Juvenile’s name doesn’t really fit him anymore. When RapReviews sat down with veteran emcee we found him to be one of the most mature artists you could hope to come across, and that’s in ANY genre of music. Juvie’s latest effort Beast Mode recently hit stores, and we asked him about the album, as well as his place in southern hip-hop history. He also told us about the bold prediction the Cash Money crew made that came true, and how the BP disaster is affecting his hometown.

Adam Bernard: Start things off by filling everyone in on all the good things that are going on in your life right now.

Juvenile: Aw man, just music, music, and more music. The fun part is now my son is making music and it’s crazy. He’s 18 now and he’s on the album. He was also on my last album. He stepped up to the plate, and it’s not something that I requested him to do. I never really forced rap on him. It’s just something he started doing behind my back, I guess, and he’s real good at it. He surprised me.

AB: So even with all the things you could tell him about the industry he still jumped in?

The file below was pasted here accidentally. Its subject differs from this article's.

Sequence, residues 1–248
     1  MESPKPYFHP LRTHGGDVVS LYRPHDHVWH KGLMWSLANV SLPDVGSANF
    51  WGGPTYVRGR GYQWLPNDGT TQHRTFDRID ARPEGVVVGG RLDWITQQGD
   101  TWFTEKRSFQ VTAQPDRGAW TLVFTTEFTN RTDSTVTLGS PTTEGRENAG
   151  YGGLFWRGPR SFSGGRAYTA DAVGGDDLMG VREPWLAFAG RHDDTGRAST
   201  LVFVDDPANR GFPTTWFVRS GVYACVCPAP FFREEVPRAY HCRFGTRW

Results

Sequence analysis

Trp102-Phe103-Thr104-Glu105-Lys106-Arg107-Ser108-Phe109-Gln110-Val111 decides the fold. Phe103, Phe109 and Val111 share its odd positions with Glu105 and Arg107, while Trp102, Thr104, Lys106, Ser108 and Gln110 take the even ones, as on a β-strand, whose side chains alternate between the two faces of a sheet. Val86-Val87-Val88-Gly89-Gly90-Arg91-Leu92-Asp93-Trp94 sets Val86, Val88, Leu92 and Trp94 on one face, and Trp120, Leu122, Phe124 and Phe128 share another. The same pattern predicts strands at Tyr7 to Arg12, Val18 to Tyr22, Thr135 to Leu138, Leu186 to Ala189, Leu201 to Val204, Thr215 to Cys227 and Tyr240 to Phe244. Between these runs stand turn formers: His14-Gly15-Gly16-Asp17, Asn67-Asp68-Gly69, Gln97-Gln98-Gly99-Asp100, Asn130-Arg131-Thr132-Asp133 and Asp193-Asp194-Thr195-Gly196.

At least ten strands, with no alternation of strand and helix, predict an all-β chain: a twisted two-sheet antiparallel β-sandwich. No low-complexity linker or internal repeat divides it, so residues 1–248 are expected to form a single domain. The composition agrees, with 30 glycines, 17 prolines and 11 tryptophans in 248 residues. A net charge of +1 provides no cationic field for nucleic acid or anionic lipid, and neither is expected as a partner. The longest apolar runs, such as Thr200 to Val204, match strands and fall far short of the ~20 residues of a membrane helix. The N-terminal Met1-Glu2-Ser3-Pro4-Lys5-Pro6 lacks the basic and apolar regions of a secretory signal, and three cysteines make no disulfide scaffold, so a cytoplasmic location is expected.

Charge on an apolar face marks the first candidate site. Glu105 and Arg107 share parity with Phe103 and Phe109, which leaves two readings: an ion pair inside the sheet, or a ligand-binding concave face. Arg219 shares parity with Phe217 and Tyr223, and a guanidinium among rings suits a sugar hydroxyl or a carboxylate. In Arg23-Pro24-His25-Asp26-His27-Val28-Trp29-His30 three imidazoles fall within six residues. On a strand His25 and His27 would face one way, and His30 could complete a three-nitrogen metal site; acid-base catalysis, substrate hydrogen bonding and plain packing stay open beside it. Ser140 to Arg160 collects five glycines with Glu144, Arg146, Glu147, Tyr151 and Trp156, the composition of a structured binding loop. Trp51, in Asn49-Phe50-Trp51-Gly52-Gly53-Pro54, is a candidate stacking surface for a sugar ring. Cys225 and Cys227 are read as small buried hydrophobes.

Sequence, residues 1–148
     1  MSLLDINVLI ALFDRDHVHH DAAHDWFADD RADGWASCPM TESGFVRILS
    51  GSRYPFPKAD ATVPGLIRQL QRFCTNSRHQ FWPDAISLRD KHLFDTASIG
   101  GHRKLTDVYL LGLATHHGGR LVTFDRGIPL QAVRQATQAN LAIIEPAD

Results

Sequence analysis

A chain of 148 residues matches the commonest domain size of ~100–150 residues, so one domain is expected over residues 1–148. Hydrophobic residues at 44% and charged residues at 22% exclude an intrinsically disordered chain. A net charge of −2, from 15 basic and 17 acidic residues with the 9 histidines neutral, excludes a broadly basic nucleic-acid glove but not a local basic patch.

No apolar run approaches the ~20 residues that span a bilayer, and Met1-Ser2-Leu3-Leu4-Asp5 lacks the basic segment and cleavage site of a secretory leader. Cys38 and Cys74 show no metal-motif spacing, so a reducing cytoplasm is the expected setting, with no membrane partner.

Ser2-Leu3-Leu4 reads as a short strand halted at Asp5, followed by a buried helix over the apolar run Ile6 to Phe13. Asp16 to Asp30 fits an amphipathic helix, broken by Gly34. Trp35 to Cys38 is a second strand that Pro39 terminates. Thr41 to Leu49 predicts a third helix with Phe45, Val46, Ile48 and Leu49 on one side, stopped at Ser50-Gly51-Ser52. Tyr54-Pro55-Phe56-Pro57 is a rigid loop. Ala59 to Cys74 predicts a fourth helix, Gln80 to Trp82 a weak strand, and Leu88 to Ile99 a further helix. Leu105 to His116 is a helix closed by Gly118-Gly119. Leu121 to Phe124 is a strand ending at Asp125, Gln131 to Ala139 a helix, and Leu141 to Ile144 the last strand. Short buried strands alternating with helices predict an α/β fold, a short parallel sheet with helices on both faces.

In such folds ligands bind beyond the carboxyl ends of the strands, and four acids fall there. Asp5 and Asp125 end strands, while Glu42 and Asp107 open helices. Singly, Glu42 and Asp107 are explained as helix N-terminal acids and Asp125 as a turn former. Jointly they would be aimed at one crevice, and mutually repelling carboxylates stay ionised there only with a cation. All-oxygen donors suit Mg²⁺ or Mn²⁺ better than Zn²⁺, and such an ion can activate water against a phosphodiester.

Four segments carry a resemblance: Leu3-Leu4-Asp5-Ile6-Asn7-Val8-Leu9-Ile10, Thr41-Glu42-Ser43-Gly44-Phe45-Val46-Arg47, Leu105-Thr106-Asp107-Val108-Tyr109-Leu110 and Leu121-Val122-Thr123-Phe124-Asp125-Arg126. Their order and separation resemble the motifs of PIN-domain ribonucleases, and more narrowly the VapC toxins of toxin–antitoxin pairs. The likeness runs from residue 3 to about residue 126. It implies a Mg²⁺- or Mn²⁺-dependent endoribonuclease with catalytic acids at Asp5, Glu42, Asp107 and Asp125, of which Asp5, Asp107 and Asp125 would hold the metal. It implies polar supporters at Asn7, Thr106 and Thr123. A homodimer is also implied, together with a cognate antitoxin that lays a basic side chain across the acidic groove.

J: Yeah. He’s pretty much seen what goes on in the industry just being around me and seeing what I go through.

AB: And the new album is Beast Mode. What were you looking to do musically this time around?

J: Really, musically, I would definitely say just get back in the streets and have some music out there in the streets. I’m not too focused on the mainstream with this album. This album is basically a street album.

AB: But you still have some danceable tracks on it.

J: Well, you know when we make music we never know what it’s gonna actually do, or the way they’re gonna appeal to people. With that being said, there are a couple dance songs on there, but I do em just for the fan base, people who’ve been following me for the past few years.

AB: You have a way of working in comical pop culture one liners without turning your rhymes into comedy raps. How do you know where that line is drawn?